The Student Newspaper of Suncoast High School

Source: The Weather Channel


This year’s hurricane season is on pace to break records.

November 16, 2020

In the midst of this year, a lot of odd occurrences have taken place; Easter Sunday tornadoes in Alabama, the gender reveal forest fires in California , talks of 2020 being the warmest weather on Earth and the Gulf of Mexico was no stranger to hurricanes this season. Hurricane Arthur kicked off the first storm in the Atlantic Ocean, and the Gulf of Mexico proved to be a magnet for future storms to come. Andrea Thompson, of Scientific American, claims that “All along, we knew this was going to be an active Atlantic hurricane season. The waters are very warm, and in the Gulf of Mexico right now, they’re some of the warmest on the planet.” It did not take long for the list of storms to go from names starting with letters from A to Z. With storms being no strange to hurricanes, weather experts turn to the Greek alphabet for the second time since the US began naming storms. We started with Alpha and we are on to Delta, which is currently spiraling towards the Gulf Coast of the US. Jonathan Erdman with the Weather Channel notes another interesting fact made from the long line of storms formed this year. August 15, 1893 was the only other day in which three storms formed on the same calendar day.”  This year, – hurricanes Wilfred, Alpha, and Beta all formed on the same day.

This year there were many storms that were produced in the Atlantic that forecasters turned to the Greek alphabet to keep up with all the storms. Names are chosen by the World Meteorological Organization years ahead of time. There were only 21 names on this year’s list. Forecasters started using Greek alphabet names to keep the list going. The last time this happened was in 2005, when 27 names were given. The alarming number of storms has prompted authorities to stress the urgency of staying one step ahead of the weather.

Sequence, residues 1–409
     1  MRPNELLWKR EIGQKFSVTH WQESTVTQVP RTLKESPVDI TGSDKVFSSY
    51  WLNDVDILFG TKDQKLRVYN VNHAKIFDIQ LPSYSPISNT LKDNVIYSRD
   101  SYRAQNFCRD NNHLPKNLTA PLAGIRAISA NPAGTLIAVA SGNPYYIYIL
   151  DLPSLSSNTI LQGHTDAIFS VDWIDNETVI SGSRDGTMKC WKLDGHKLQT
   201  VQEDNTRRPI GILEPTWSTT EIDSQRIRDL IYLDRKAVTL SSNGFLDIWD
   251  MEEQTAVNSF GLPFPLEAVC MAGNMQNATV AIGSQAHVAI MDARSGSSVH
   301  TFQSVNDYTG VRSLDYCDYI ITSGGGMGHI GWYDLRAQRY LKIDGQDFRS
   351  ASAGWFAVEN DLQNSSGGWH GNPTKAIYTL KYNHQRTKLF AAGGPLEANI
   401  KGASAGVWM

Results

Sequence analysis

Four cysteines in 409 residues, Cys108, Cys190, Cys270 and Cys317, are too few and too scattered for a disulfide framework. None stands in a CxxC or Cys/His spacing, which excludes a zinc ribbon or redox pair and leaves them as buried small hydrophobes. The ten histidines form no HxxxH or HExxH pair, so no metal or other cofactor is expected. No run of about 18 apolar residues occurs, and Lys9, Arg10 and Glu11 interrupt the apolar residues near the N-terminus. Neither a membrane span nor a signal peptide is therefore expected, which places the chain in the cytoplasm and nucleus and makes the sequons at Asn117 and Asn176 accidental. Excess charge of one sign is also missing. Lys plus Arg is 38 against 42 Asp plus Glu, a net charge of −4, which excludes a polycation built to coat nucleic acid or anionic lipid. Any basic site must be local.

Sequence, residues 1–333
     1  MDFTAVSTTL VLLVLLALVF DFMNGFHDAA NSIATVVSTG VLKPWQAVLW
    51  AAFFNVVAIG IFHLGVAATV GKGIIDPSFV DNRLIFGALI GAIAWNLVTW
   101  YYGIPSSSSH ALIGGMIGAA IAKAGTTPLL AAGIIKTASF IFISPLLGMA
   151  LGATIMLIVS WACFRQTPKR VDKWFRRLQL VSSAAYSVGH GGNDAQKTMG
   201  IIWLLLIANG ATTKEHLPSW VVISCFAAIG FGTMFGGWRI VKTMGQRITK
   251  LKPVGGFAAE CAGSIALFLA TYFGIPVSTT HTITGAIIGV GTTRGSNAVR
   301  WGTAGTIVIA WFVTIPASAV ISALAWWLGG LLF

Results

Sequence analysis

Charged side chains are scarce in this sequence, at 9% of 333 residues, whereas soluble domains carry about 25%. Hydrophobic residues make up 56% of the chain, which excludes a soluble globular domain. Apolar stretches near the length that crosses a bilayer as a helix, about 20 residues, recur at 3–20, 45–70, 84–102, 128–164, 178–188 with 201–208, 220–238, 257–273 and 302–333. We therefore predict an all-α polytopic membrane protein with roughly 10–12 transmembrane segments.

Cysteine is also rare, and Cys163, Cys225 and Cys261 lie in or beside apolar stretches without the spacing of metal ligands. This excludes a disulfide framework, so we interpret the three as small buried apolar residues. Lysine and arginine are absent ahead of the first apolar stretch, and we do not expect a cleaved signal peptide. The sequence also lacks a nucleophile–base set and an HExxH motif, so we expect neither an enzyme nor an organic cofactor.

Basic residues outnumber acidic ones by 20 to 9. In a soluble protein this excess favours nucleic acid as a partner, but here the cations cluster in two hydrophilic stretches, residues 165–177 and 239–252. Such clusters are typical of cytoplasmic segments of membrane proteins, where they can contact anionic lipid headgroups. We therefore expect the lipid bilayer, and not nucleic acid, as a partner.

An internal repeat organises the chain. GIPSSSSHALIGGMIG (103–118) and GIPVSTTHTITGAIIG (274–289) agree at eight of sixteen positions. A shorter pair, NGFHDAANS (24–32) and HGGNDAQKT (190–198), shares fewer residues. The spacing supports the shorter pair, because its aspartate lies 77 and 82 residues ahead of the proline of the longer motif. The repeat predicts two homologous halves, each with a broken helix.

While residents in the South brace again for another storm, one can only wonder why Americans are seeing an increased number of storms this year. Bob Henson, writer with the Washington Post explains one reason that is adding to the rise in numbers. “La Niña, a semiregular cooling of the eastern tropical Pacific, tends to reduce the wind shear that can impede Atlantic hurricane formation.” As La Niña continues to make its presence known in the Atlantic, meteorologists are certain to see more storm formations through the remainder of the hurricane season, which ends Nov. 30. As stated by,  Latoya Cantrell, Mayor of the city of New Orleans urged residents to be vigilant. “Today, we want folks to get ready and get prepared. The impact is expected as early as Friday morning.” 

La Niña is not the only culprit behind the increase in storms. Climate change also shares the credit for making the Earth’s waters warmer and more turbulent, providing the perfect mix for a year to remember. Henson goes on to note, “Sizzling oceans, supercharged by climate change, may be an even bigger factor. Most of the tropical and subtropical Atlantic, including the Gulf of Mexico, has run warmer than average through the season, with sea surface temperatures (SSTs) at or near record values in some areas.” For many people in the Gulf, this year’s highly active hurricane season brings quick reminders to another year that’s hard to forget, 2005.

The city of New Orleans has had its share of devastation from hurricanes. It was in that year when Hurricane Katrina set its sights on the Crescent City, causing billions of dollars in damages while claiming thousands of lives in its wake. The gloom of Katrina continues to overshadow the city, forever reminding residents of its wrath, while drawing the importance of always staying one step ahead of the weather. Officials in New Orleans are keeping a watchful eye on Hurricane Delta in hopes to prepare their residents for what could be a catastrophic storm. While the country has yet to see the plans that Delta has for the Gulf Coast, weather experts will continue to rewrite the history books. For a hurricane season that wasted no time to go Greek, 2020 without question will certainly go down as a year unlike any other.


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